Fantasy · Fiction · Young Adult

Children of Vengeance and Virtue

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Title: Children of Virtue and Vengeance

Author: Tomi Adeyemi

Page Count: 448

Series: Legacy of Orisha, Book 2

Publishing Date/Publisher: December 3, 2019 by Henry Holt and Co.

Format: Hardcover

Review: It pains me to write this review because I had such high hopes for this book.  I LOVED Children of Blood and Bone and checked this book out the day it was available at our libraries.  I immediately dove into it and then….stalled.  No matter how many times I picked it back up, I just couldn’t get into it.  It quickly became apparent that the characters I loved from the first book were gone.  In their place were characters I didn’t even recognize or like.  The relationships that I had hoped would be fleshed out more in this book still felt forced and lacked substance.  The action was sporadic and when I should have felt devastated, I felt nothing.  There was no character development that made me feel invested in the story, so the betrayals and atrocities made very little impact on me.  There had been great potential for character growth after such an epic conclusion to the first book, which leads me to believe that the author rushed this book to meet some deadline.  I read in one of Adeyemi’s interviews that she did not have a break between completing the first book and writing this one, but I had hoped that this would not effect the quality of her story development.  Though these hopes were quickly dashed, I am clinging to my sense of optimism for the next book, which is why I could not bring myself to give this book a lower rating.  Hopefully she takes her time with it because despite it all, I still believe in this story.  The way the book ended, I highly suspect she will be taking a page from history and incorporating elements of the slave trade and African diaspora.  Only time will tell where she decides to go from here.  Until then, my fingers are crossed!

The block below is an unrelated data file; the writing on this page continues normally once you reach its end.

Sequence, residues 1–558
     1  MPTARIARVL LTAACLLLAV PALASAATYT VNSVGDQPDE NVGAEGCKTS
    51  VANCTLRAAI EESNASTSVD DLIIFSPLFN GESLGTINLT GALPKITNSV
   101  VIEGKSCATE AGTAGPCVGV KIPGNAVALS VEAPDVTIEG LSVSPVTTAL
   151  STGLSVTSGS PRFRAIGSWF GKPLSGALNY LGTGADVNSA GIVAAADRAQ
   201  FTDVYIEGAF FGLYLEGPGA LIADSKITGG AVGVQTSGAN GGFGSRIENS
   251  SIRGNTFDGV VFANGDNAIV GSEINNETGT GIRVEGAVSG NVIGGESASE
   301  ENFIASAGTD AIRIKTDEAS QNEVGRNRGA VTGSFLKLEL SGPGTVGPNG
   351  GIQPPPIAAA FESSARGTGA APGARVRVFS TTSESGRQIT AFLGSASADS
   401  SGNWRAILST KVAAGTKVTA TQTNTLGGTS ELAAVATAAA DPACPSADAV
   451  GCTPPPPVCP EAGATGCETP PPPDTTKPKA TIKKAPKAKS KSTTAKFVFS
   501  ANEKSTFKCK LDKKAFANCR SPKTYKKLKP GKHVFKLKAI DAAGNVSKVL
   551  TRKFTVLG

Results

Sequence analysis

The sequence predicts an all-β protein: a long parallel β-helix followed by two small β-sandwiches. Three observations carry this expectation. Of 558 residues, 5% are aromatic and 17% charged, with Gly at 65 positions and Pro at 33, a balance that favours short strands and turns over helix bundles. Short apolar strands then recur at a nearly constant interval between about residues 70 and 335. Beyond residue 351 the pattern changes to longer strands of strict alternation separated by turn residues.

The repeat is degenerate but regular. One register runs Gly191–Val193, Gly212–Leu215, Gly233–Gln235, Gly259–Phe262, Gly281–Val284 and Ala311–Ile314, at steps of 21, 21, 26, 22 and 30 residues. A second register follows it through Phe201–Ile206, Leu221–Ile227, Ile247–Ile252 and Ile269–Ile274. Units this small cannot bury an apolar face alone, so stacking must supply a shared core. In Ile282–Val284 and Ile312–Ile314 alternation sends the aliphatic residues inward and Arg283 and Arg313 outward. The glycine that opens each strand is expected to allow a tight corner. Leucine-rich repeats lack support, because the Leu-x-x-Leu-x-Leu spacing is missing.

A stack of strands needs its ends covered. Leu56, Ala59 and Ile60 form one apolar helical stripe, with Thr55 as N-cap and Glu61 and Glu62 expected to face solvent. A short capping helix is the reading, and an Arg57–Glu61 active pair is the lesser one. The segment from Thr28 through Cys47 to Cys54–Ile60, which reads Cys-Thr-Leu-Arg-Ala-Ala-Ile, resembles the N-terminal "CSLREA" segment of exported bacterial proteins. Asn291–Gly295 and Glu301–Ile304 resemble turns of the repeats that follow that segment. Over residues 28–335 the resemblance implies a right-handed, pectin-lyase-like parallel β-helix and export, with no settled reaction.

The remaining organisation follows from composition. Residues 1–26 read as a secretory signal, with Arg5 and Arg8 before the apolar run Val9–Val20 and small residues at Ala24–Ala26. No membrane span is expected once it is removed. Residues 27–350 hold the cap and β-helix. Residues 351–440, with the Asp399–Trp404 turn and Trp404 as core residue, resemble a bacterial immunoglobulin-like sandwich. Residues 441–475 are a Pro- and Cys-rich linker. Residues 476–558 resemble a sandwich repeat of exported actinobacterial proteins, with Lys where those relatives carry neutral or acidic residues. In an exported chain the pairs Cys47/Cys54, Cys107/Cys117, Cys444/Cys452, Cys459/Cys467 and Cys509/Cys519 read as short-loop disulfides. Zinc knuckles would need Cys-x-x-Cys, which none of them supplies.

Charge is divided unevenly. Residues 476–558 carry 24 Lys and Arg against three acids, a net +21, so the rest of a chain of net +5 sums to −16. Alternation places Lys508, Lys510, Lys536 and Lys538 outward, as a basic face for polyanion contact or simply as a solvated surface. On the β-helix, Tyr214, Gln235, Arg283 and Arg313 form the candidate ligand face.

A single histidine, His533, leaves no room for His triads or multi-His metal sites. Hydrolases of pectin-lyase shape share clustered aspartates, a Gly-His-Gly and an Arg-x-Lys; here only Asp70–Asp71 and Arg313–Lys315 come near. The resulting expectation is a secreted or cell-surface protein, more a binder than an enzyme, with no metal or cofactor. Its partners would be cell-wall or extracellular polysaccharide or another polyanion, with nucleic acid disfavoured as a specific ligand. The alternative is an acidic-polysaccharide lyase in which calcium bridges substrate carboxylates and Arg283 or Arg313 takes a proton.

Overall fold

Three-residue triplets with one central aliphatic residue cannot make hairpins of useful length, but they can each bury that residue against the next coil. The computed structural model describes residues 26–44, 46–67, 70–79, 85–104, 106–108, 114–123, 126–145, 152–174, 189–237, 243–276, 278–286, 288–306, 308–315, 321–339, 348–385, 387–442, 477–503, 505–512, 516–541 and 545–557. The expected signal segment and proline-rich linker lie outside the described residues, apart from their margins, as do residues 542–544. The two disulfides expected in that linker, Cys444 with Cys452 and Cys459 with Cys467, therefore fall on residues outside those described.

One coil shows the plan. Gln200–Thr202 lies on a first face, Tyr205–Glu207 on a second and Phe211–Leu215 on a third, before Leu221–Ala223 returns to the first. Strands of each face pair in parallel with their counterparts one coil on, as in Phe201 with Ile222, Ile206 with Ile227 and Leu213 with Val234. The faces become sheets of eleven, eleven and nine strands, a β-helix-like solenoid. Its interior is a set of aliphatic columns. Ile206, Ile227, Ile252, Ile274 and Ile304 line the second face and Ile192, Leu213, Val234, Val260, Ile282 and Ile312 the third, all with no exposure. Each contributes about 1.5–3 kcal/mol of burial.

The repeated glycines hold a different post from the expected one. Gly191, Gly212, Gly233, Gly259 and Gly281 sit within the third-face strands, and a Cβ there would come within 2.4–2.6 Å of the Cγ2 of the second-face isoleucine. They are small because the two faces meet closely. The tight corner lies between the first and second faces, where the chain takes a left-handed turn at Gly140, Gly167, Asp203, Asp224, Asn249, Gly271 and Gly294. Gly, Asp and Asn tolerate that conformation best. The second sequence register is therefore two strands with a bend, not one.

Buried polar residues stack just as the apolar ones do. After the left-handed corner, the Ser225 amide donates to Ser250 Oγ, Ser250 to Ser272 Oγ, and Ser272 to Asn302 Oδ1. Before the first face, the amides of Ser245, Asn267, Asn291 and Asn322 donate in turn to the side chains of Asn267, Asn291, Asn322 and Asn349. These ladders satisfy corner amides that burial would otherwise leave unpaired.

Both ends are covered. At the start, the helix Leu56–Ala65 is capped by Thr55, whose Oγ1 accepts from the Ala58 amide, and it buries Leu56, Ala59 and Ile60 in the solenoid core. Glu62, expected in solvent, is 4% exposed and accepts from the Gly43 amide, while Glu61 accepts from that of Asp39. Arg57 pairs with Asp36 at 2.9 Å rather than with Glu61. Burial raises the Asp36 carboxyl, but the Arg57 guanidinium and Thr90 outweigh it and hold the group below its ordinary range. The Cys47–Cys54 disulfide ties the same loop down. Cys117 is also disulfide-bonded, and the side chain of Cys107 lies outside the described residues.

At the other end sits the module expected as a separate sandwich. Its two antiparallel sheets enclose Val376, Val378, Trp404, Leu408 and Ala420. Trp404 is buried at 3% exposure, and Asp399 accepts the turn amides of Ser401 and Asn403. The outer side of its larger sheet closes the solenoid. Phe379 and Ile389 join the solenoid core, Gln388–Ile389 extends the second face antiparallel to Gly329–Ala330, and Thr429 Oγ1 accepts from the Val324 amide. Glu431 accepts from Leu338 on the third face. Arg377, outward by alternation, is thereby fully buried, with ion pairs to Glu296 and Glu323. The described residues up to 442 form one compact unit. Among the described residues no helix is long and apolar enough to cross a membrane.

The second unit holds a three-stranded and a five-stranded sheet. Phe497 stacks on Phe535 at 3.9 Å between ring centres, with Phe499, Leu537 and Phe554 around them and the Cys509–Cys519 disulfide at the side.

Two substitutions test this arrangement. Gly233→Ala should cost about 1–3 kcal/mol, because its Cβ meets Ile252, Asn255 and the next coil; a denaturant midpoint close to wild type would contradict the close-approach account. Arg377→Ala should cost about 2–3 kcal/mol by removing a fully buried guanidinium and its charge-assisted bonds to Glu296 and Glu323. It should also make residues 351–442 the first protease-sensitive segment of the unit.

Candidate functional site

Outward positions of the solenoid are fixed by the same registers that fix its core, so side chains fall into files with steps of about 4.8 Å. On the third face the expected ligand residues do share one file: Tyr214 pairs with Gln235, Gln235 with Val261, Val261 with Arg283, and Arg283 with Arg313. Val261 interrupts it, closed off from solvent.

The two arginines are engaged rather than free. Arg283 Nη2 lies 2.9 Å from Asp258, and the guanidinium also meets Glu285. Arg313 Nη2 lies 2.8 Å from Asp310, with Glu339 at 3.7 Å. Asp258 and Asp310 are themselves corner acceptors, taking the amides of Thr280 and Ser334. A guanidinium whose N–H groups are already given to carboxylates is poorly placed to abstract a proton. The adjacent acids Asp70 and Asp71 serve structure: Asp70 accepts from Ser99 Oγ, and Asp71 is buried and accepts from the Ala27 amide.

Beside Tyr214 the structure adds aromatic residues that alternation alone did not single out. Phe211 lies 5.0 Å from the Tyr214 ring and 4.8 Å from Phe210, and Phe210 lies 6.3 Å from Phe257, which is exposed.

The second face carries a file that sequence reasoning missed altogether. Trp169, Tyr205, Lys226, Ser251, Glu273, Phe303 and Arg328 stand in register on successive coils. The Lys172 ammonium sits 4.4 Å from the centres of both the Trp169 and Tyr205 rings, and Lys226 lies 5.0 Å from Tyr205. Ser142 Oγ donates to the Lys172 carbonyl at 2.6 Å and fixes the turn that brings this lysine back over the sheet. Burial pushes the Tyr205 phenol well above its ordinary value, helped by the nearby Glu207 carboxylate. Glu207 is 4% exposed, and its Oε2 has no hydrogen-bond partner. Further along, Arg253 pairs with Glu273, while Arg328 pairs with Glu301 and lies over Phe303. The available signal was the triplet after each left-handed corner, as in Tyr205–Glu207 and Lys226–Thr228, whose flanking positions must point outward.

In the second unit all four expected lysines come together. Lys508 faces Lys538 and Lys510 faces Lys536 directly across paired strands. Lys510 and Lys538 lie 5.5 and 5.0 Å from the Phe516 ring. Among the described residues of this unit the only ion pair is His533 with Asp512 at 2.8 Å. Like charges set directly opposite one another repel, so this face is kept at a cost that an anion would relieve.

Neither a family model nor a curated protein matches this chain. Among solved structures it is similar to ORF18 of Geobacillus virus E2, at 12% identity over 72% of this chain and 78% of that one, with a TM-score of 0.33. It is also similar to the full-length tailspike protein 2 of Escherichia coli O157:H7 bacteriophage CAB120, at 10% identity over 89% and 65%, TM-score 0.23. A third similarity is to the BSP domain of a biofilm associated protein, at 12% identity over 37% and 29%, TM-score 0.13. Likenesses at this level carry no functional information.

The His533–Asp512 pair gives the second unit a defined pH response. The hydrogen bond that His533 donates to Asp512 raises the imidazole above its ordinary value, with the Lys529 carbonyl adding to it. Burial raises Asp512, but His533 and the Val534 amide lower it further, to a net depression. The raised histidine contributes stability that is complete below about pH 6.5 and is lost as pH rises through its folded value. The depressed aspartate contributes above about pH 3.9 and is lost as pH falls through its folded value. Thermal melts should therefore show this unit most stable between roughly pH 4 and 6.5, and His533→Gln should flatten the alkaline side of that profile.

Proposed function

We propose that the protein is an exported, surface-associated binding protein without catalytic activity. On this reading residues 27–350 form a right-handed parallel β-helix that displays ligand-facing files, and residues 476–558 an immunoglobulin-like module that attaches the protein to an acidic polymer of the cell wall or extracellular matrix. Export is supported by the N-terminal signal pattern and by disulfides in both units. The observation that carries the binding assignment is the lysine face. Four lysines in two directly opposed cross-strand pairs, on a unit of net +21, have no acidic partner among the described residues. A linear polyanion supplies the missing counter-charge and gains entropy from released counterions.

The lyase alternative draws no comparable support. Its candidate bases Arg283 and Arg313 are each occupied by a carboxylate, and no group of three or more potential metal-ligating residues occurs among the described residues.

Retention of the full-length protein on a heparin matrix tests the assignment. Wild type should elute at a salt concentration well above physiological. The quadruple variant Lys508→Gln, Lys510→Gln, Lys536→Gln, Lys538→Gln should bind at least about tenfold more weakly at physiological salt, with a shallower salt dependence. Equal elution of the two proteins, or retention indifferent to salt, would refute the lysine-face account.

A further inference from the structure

Reader: Bekah

Rating: 

All_Star_GoldAll_Star_GoldAll_Star_Gold

Fantasy · Fiction · Paranormal · Romance · Science Fiction · Young Adult

Obsidian

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Title: Obsidian

Author: Jennifer L. Armentrout

Page Count: 335

Series: Lux, Book 1

Publishing Date/Publisher: May 8, 2012 by Entangled Teen

Format: eBook

Review: I can’t say I didn’t know what I was getting into with this.  It was a light paranormal read that didn’t make me think too much.  It follows a very standard formula.  New girl who doesn’t know she is beautiful moves into small town and meets mysterious and attractive boy.  There is instant attraction and they immediately start a love/hate relationship.  The boy, who also happens to be an alien, runs hot and cold, but eventually succumbs to his feelings for human girl.  Throw in some bad guys, a happy-go-lucky sister, a jealous ex and you’ve got a pretty predictable plot for this book.  Admittedly, this is sometimes the type of book I want to read, especially after I have read books with heavier content, but it was nothing new or original.  I will likely not be moving on with the series.

Reader: Bekah

Rating: 

All_Star_GoldAll_Star_Goldhalf star

Contemporary · Fiction · Young Adult

The Absolutely True Diary of a Part-Time Indian

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Title: The Absolutely True Diary of a Part-Time Indian